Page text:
Many coin collectors purchase collectible currencies based on value and potential financial return, and this is a perfectly fine way to curate a collection. You can, however, craft a currency collection other ways. If you’re interested in other ways to curate, here are five themes you can use as you decide what to include and what not to include in your own currency collection.
1. Focus on a Time Period
First, base your currency collection around a specific time period that’s of interest to you. This could be an era of history, such as the Civil War if you’re an American history buff or the Greco-Roman period if you studied Classics in school. Alternatively, the time period could be something more recent — like your birth year or your children’s birth years.
As you consider what time period to collect from, keep in mind how much coins from that era will cost and what your budget is. You’ll need discretionary income to purchase coins from Ancient Greece and Rome, but you can find coins from recent years by just perusing the change you’re given at stores.
Also, consider how readily available coins from your time period are. If you choose to focus on a time period from long ago, you might need to cover multiple centuries. Ancient coins cover a span of 1,200 years, from 650 B.C. to A.D. 500. Alternatively, a collection that includes new currency might need to be limited to just one or a few years because you’ll find many more available options.
2. Focus on a Geographic Region
Second, you can base your currency on one or a few geographic regions.
In some cases, this may coincide nicely with an era-based curation method. Many historic collections are necessarily limited to a certain region, country or realm, and a particular region might help further define an era-based collection. For instance, a Greco-Roman collection may focus specifically on coins from Rome or specifically on coins from Palestine.
You can formulate a geographic currency collection in many other ways. You could collect currency from the places:
- You were born (home state or country)
- You’ve lived (all regions or countries)
- You’ve visited on vacation (all countries)
- You wrote a dissertation on (region or empire)
If you’ve lived in San Francisco, Denver, Philadelphia, or West Point, you could collect coins minted in the city during the time you were there. These are the cities where the U.S. actually has or currently produces coins.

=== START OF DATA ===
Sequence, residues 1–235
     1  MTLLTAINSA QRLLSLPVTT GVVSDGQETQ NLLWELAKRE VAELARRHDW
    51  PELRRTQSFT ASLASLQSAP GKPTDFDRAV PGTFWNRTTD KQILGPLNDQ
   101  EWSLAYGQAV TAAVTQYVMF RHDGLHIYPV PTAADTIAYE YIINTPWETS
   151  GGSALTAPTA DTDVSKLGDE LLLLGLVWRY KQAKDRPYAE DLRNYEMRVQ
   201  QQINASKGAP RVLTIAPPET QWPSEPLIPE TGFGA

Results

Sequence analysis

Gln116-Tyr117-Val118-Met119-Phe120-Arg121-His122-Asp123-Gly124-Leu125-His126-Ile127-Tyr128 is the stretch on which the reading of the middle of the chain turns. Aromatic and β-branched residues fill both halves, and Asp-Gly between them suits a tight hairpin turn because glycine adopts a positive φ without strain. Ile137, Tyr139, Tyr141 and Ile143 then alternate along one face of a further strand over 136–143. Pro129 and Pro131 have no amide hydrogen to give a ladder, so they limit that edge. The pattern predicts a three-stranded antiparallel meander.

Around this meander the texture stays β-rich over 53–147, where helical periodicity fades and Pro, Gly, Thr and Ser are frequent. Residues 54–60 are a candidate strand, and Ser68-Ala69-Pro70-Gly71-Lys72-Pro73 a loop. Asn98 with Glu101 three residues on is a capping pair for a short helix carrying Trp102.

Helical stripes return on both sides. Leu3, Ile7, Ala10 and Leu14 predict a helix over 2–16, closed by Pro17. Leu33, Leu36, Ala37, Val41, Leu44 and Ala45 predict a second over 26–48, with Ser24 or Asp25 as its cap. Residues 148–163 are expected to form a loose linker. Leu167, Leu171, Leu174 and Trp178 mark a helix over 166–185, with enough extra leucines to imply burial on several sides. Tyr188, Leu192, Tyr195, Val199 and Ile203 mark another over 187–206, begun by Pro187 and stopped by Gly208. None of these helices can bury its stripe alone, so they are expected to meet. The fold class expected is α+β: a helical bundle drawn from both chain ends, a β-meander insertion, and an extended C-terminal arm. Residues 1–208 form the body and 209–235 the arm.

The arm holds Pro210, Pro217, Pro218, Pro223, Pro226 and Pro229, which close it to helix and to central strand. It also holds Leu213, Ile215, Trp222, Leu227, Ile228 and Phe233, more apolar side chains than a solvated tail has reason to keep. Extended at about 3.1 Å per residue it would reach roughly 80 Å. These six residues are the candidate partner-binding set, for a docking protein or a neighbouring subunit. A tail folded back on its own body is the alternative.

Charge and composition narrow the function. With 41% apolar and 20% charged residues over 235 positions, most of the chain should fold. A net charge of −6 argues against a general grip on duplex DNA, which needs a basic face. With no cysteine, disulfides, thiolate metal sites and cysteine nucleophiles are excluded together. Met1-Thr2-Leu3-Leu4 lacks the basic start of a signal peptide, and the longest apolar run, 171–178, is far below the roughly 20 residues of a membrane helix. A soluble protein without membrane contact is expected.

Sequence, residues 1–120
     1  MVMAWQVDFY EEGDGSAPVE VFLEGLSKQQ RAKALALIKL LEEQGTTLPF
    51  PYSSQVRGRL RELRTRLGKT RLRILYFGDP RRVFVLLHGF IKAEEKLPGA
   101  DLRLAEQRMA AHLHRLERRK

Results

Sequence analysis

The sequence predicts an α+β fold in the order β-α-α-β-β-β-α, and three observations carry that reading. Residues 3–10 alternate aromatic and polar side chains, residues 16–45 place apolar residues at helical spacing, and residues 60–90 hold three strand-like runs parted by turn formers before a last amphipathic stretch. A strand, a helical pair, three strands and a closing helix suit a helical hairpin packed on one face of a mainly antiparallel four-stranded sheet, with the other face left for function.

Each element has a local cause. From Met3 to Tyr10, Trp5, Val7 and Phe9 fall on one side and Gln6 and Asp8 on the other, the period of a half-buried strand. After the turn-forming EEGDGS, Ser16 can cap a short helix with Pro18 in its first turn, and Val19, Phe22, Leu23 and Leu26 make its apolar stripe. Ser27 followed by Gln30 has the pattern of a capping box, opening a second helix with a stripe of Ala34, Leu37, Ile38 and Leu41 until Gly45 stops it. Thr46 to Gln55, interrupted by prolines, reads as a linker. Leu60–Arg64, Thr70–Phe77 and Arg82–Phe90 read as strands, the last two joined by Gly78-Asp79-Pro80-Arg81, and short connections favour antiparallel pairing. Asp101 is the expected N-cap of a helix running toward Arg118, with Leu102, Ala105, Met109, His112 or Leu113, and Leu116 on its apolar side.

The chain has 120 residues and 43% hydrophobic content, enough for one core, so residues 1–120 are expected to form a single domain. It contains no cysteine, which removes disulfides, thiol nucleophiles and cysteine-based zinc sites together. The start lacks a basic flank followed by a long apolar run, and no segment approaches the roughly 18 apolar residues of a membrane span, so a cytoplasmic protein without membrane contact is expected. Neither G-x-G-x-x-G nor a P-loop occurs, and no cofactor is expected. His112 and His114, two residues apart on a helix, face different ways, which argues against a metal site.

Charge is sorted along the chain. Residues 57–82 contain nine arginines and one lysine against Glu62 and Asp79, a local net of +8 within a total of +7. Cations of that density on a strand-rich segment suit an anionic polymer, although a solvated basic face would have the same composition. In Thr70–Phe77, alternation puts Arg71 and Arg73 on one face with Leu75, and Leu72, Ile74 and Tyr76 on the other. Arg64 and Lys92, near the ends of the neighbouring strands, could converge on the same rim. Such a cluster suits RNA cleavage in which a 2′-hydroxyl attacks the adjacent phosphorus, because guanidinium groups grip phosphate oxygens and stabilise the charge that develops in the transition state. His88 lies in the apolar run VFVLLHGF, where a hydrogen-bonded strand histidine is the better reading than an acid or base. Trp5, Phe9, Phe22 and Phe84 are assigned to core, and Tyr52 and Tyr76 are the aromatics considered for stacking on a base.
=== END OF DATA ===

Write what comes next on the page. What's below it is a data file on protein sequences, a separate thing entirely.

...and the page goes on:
As is true with the era-based curation method, a geographic focus similarly allows you to choose a region that’s within your budget, whatever that budget might be. You can find both expensive and inexpensive ways to collect coins from different regions.
3. Focus on a Favorite Person
Third, a person-based approach could serve as your selection guide. This is an especially good option if you have a favorite famous historic figure, such as Abraham Lincoln or Emperor Hadrian from Rome.
Once again, the person you choose will dictate both how easy it is to find coins that meet your criteria and how expensive those coins are. If you choose Lincoln, for instance, you can get more pennies than you want for only 1 cent each. A collection of Hadrian coins, however, will be harder to come by.
No matter who you choose, however, a person-based collection is always interesting. You get to not only learn about the different coins and bills themselves as you collect, but your collection will also show how that person was viewed over time.
4. Focus on a Group of People
Fourth, you can base your collection on a group of people rather than just one person. Well-known leaders, such as the U.S. Founding Fathers or British Royalty are perhaps the most readily evident groups to focus on, but you can find other groups to focus on as well. A collection of minority figures on currencies, for example, could reveal a lot about how these groups of people have been viewed through history.
As one example, the United States has minted several coins featuring African Americans in recent decades and has a few coins with African Americans on them from further back in the country’s history. These coins could be contrasted both with European coins that feature minorities and with coins from Africa.
You can use any group as a guide for your collection. Women, people form your ancestors’ country, and pioneers are just a few ideas you could use.
5. Focus on Color
Finally, you can choose to focus on the aesthetic appearance of coins and bills rather than any other properties. With an artistic eye, you can use differently colored currencies to create a mosaic. This is an unusual collection, but it’s a beautiful way to bring together a variety of currencies.